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Here follow some highly wrought stanzas on the beauty of the Spanish women; in the midst of which there occurs a fine apostrophe to Mount Parnassus. During the remainder of the first canto, Harold is in Cadiz, a city for various reasons not likely to decrease the interest of the poem. The dissipation of the place, and a bull-fight furnish the chief topics. The bull-fight is exquisitely painted. Towards the conclusion, there is a mournful stanza on the state of Spain, which, for the harmony of the verse, and for the sympathy excited by every line, deserves particular attention :

XC.

Not all the blood at Talavera shed,

Not all the marvels of Barossa's fight,
Not Albuera lavish of the dead,

Have won for Spain her well asserted right.
When shall her Olive Branch be free from blight?
When shall she breathe her from the blushing toil?
How many a doubtful day shall sink in night,
Ere the Frank robber turn him from his spoil,
And Freedom's stranger tree grow native of the soil!

The scenes of the second canto are, at sea; they shift to Albania, the territory of Ali Pacha's government; and to Greece. It opens with an invocation to Minerva, and after a few stanzas, relative to a diversity of religion tending to scepticism,—and therefore not to be distinguished by our commendation,-the poet, viewing the ruins of Athens, is inflamed with anger against the plunderers, the peaceful, not the warlike plunderers, of Greece; concluding the burst of his indignation thus:

XV.

Cold is the heart, fair Greece! that looks on thee,
Nor feels as lovers o'er the dust they lov'd;
Dull is the eye that will not weep to see

Thy walls defac'd, thy mouldering shrines remov'd
By British hands, which it had best behov'd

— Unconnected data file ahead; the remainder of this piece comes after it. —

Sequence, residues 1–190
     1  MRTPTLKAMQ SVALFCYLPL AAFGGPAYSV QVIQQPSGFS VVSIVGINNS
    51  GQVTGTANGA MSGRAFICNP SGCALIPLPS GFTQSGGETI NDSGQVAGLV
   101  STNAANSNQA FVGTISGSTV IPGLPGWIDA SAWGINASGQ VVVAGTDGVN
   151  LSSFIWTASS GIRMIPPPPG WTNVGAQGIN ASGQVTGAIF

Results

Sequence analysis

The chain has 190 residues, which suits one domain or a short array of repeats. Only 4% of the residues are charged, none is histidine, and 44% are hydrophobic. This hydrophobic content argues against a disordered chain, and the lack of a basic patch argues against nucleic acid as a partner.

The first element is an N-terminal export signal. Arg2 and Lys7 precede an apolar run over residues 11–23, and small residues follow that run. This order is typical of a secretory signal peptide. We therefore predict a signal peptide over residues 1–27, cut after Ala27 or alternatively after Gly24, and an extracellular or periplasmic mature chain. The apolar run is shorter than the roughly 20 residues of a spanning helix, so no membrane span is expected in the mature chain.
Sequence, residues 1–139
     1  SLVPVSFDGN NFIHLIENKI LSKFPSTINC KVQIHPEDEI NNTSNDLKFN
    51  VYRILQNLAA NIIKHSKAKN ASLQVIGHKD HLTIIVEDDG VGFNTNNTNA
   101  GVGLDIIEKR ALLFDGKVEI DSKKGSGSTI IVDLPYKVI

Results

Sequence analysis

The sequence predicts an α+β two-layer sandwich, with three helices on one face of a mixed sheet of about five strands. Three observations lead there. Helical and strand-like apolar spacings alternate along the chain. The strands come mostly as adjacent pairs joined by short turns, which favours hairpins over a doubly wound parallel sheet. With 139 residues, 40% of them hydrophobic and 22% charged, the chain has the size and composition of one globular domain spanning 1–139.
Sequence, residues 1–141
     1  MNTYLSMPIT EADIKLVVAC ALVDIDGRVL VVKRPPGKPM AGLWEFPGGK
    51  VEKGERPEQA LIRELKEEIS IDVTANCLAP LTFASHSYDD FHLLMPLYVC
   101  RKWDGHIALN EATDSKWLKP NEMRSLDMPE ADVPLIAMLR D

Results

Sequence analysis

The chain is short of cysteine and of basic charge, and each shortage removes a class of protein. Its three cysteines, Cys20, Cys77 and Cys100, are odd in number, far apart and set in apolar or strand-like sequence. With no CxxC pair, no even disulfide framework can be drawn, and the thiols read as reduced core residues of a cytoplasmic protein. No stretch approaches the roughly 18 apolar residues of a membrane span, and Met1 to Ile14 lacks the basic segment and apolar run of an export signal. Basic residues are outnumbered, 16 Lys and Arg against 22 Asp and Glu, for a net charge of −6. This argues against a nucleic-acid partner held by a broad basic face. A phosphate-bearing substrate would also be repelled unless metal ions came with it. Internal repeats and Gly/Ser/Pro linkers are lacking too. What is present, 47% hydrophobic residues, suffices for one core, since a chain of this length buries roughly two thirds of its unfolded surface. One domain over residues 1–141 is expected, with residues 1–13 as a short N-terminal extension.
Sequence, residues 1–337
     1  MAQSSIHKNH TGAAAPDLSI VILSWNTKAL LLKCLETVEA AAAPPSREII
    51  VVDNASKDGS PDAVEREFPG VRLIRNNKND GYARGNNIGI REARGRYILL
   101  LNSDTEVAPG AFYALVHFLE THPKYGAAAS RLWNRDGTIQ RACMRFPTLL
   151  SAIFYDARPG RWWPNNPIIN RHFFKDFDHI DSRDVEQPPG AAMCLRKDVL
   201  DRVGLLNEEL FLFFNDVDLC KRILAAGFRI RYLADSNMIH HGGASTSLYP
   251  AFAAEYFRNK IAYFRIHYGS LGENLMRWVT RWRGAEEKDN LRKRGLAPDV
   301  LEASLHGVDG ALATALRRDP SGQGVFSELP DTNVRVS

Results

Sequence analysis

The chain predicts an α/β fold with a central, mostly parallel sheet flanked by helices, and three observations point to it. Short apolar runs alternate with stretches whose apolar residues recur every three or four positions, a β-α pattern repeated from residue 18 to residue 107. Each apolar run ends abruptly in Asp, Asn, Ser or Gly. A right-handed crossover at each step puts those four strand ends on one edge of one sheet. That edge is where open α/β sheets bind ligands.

To guard those relics ne'er to be restor❜d.
Curst be the hour when from their isle they rov'd,
And once again thy hapless bosom gor'd,

And snatch'd thy shrinking Gods to northern climes abhorr'd!

This opening is written in the character of the poet himself, under the fervour of excited feelings, while contemplating this favourite classical spot. He now returns to Harold, who has left Spain. The images presented to the mind from sailing out of harbour with a convoy are well painted; as it is the interior of a ship of war at sea, and the lagging of the dull sailors under her protection. The moon-light scene in the passage through the

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Straits, with the reflections it suggests, the arrival at Calypso's
Island, the new Calypso Harold finds there, and the invulnerable
state of his heart, afford subjects for stanzas sweetly harmonious.
The following may be taken as a specimen :-

XXIV.

Thus bending o'er the vessel's laving side,
To gaze on Dian's wave-reflected sphere,
The soul forgets her schemes of Hope and Pride,
And flies unconscious o'er each backward year:
None are so desolate but something dear,
Dearer than self, possesses or possess'd
A thought, and claims the homage of a tear;
A flashing pang! of which the weary breast
Would still, albeit in vain, the heavy heart divest.

XXV.

To sit on rocks, to muse o'er flood and fell,
To slowly trace the forest's shady scene,
Where things that own not man's dominion dwell,
And mortal foot hath ne'er, or rarely been ;
To climb the trackless mountain all unseen,
With the wild flock that never needs a fold;
Alone o'er steeps and foaming falls to lean;